Austin Bay
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Last October, while riding on South Korea's KTX express train from Seoul to Cheonan, I glanced at one of the rail car's video monitors just as a chilling yet cyclically familiar news flash lit the screen: "North Korea threatens South Korea with nuclear war."

The KTX onboard video system provides English, Chinese and Japanese translations of news and passenger information updates. Geography and history influence the language choices -- the Korean Peninsula sits between China and Japan, the U.S. is South Korea's closest ally -- but economics is the most pertinent reason. In the 21st century, Korean, English, Chinese and Japanese are global money languages, and the KTX caters to business passengers. I pegged the officious gentlemen seated three rows up as Chinese. Like me, he was looking at the monitor. Chinese characters superseded the English alert, Japanese followed the Chinese.

Then a live video feed of the very fast train's current speed -- 304, no make that 305 kilometers per hour, quite a clip -- completely replaced the news flash. I wondered how my fellow passenger had assessed North Korea's message. One of the more interesting secret State Department cables released by Wikileaks quoted senior Chinese foreign ministry officials as admitting North Korea's ruling clique is certifiably nuts.

I went back to gazing out the window, at a valley filled with lush rice paddies, the rice plants yellow and ripe. A day or so earlier, I'd read a wire service report that North Korea faced yet another crop failure and unless donor nations responded immediately, the wretched souls ruled by the Kim family's hereditary communist dictatorship would once again face starvation. Yes, I thought, the starving North had just threatened the hardworking, productive and, as a result, well-fed South with nuclear immolation. The North's extortion racket in a rice kernel: Feed us, or we will kill you en masse.

With this week's nuclear test (Feb. 12, 2013) the cycle of threat continues, this time backed by an impressive bang.

The test demonstrates that despite years of coaxing the Kim regime with economic development projects (like the Kaesong Industrial Zone) and years of plying the dictatorship with rice, heavy oil and other goodies, the North continues to develop the military capabilities to make good on its threat of nuclear war.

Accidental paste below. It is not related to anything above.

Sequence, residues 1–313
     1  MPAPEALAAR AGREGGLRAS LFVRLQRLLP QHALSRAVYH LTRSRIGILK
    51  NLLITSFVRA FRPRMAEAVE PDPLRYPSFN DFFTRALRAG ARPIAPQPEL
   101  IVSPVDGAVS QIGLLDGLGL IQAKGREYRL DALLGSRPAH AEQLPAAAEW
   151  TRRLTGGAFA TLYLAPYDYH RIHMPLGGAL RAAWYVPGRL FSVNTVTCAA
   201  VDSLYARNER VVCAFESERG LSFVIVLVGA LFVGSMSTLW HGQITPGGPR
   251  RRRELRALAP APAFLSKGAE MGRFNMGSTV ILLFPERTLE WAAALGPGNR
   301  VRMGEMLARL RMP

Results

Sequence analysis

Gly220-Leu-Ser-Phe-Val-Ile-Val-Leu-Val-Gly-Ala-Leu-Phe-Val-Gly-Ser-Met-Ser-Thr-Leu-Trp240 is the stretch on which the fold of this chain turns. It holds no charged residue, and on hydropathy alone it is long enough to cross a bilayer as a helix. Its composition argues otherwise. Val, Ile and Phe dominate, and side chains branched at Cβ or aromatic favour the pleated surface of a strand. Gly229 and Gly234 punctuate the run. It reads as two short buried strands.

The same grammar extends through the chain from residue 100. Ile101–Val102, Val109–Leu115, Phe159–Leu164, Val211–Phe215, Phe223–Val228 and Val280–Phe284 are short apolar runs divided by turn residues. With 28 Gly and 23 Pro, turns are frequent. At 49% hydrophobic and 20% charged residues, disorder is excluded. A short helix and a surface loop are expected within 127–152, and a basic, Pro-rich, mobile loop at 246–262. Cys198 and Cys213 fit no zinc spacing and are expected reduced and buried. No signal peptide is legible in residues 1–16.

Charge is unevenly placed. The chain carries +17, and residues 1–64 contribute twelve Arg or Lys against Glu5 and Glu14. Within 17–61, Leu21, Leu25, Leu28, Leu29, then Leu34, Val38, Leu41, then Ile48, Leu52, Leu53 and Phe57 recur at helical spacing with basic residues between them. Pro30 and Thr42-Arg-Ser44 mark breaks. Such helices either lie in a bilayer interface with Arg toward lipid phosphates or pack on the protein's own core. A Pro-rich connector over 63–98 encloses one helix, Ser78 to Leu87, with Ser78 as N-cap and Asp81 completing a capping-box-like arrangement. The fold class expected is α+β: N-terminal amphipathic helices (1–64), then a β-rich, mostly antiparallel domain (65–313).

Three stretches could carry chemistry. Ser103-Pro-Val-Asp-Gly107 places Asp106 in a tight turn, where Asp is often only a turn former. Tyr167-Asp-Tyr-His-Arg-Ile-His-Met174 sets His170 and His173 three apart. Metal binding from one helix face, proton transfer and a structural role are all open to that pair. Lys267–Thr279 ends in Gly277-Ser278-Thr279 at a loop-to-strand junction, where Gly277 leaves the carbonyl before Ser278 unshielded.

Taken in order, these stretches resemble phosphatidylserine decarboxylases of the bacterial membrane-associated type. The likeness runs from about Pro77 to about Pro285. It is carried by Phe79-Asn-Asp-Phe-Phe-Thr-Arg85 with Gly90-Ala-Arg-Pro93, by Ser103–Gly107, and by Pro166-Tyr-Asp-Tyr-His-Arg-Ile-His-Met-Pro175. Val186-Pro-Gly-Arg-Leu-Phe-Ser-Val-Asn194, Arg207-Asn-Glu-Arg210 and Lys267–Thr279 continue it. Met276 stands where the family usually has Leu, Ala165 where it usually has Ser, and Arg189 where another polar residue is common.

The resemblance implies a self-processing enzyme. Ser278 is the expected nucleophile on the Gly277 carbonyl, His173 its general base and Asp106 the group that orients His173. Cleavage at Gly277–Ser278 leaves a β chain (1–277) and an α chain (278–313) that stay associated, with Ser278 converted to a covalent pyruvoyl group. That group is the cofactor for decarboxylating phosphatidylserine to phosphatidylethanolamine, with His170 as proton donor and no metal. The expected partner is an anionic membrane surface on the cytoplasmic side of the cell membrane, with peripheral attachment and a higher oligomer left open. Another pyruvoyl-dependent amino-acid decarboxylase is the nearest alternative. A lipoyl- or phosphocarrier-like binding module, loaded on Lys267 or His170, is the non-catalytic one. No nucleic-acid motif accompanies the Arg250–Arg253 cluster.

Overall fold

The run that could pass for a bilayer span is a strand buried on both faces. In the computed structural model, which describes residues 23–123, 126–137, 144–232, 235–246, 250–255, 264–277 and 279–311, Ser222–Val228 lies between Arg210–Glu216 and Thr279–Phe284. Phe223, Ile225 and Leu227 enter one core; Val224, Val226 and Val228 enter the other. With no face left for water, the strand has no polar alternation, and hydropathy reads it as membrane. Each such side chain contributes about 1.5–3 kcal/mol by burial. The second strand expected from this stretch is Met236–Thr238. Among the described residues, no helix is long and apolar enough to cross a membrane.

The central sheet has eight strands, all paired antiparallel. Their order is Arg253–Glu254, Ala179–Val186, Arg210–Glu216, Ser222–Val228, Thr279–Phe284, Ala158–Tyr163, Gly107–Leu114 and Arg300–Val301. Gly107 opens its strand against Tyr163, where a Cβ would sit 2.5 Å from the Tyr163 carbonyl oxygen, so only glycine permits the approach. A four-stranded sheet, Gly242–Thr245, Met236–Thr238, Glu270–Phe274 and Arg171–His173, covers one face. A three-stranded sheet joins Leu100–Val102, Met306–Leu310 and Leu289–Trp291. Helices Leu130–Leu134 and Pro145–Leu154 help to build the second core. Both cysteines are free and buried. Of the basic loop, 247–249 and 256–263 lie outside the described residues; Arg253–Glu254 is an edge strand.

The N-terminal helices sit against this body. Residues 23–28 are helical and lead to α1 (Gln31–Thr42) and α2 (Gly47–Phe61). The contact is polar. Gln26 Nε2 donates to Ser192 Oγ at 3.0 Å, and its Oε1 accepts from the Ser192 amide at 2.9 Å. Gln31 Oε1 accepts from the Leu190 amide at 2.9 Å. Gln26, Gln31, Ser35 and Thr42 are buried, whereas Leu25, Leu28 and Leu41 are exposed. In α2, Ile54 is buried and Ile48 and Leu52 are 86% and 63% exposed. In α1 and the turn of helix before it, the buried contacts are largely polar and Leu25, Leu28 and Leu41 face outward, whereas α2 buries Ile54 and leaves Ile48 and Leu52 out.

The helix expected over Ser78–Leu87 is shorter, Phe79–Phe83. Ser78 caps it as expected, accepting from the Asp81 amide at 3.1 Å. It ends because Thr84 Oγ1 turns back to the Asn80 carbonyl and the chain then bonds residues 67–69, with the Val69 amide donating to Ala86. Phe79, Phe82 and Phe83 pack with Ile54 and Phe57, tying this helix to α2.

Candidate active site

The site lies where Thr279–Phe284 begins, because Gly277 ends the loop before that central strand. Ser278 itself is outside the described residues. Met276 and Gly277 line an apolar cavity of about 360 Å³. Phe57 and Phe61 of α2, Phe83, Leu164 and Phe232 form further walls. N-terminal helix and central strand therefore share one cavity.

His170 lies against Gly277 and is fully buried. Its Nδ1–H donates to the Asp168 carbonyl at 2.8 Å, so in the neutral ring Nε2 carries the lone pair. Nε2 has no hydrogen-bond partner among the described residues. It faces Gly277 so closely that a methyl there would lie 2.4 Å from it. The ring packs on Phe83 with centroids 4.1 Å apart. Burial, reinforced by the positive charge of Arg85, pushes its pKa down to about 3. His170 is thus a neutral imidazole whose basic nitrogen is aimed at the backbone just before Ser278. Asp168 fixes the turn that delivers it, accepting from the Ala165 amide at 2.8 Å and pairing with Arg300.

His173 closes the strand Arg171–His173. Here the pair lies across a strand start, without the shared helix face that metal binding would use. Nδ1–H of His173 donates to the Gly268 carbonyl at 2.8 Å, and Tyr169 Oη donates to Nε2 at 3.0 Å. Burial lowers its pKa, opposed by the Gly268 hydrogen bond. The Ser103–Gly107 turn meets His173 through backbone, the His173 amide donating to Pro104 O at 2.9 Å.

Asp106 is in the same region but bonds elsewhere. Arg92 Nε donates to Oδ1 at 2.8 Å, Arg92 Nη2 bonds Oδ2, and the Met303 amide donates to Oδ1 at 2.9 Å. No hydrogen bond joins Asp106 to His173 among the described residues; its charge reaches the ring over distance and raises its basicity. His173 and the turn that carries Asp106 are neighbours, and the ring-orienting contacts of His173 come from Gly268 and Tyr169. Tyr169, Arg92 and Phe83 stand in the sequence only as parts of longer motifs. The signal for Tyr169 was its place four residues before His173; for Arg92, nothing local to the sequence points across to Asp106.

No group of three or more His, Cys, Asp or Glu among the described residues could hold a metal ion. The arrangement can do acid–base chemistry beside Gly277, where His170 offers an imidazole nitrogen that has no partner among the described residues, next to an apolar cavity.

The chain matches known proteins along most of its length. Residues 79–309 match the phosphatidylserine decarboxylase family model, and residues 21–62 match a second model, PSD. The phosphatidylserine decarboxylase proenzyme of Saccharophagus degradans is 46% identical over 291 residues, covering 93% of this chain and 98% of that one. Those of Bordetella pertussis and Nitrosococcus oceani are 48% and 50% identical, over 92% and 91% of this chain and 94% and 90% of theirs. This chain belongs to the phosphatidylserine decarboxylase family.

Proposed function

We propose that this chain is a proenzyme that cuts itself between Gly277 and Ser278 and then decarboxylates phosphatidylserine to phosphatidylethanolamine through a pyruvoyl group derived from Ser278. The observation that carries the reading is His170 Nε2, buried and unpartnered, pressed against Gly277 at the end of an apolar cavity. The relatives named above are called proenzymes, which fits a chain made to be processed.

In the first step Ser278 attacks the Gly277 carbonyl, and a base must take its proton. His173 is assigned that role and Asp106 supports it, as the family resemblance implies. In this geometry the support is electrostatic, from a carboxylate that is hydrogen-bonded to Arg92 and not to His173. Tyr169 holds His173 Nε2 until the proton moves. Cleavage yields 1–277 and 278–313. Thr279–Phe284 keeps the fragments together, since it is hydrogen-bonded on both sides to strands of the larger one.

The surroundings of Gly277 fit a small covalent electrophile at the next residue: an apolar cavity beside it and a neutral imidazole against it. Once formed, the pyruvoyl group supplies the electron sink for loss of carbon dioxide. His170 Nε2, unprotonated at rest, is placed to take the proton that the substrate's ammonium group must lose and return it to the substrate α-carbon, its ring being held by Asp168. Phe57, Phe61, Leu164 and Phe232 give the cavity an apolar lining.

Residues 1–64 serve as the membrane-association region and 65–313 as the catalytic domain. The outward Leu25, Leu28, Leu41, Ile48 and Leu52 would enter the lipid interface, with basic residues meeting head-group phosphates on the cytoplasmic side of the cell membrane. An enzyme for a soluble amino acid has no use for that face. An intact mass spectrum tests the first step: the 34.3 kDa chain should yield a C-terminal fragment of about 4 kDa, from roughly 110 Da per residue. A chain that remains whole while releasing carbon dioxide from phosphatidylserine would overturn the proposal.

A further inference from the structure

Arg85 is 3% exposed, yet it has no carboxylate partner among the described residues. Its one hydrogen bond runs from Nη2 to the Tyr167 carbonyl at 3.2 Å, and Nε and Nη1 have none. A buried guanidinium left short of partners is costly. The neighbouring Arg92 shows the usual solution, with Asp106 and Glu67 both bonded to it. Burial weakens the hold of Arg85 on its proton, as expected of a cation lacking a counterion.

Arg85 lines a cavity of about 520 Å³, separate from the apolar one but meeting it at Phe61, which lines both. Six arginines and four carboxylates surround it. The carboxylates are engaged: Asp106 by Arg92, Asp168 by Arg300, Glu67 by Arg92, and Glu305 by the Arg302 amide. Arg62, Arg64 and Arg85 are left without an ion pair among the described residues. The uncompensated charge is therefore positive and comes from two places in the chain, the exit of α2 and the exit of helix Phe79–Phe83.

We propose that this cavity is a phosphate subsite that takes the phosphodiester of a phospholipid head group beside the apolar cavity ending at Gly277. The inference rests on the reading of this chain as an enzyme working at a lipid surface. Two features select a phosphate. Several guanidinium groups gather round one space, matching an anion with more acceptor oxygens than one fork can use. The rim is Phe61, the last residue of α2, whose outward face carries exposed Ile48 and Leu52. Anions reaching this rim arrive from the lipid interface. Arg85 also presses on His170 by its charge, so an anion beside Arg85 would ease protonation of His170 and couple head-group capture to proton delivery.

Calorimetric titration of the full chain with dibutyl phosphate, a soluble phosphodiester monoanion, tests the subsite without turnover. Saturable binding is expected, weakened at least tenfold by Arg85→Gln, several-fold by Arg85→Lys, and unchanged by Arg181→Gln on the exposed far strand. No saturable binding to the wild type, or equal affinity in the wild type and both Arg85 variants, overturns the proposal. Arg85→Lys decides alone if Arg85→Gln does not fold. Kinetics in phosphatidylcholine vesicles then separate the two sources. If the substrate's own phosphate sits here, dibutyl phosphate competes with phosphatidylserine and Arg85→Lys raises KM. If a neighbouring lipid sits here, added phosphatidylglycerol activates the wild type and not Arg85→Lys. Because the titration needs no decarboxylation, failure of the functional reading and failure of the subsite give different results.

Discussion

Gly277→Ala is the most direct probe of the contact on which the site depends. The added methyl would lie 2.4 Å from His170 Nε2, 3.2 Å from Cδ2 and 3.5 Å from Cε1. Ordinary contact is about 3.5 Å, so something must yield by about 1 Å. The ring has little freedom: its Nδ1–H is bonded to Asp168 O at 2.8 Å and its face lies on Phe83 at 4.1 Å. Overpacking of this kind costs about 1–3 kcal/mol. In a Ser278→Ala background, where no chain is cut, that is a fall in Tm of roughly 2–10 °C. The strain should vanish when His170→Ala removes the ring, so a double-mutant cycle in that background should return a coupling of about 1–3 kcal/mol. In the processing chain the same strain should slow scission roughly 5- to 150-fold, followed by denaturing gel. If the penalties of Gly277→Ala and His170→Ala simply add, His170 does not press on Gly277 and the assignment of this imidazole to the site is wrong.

The test also serves notice that the Korean War isn't over, and unfortunately some people need reminding. Last month, President Barack Obama proclaimed that a decade of war is ending. North Korean propagandists declared that current dictator, Kim Jong Un, had ordered the test as a response to "ferocious" U.S. hostility and "violent" opposition to North Korea's sovereign right to peacefully launch satellites. See, North Korea claims its December 2012 ballistic missile launch was all about civilian satellites, not testing a delivery system capable of hitting Seoul, Tokyo and Honolulu. Initial seismic analysis indicates the nuclear test had the punch of a 6 to 8 kiloton weapon. Though roughly half the power of the Hiroshima bomb, that's more than big enough to incinerate Pearl Harbor and the beach at Waikiki.

It is very probable that North Korea provides Iran's Islamic dictatorship with nuclear and missile technology, so North Korea's nuclear menace extends beyond East Asia and the Pacific to Central Asia, Europe and Africa.

China's official reaction was surprisingly tough, given that Beijing has been the North's chief benefactor and sponsor, but China has global economic interests that North Korean nukes and their Iranian offspring may imperil. China expressed firm opposition to the test. The Obama administration is calling for stiffer international sanctions to punish North Korea, but China is the only nation that can impose meaningful sanctions on the Kim regime. Beijing has never done so.

South Korea has won the economic, social and cultural dimensions of the Korean War. The only unsettled component is the one that puts the KTX, Seoul's nightclubs and the lush rice fields at risk: the military confrontation. Unless China acts decisively to end North Korea's nuclear quest, this week's multi-kiloton blast may lead South Korea and Japan to conclude the military dimension must be won as well.

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Austin Bay

Austin Bay is the author of three novels. His third novel, The Wrong Side of Brightness, was published by Putnam/Jove in June 2003. He has also co-authored four non-fiction books, to include A Quick and Dirty Guide to War: Third Edition (with James Dunnigan, Morrow, 1996).
 
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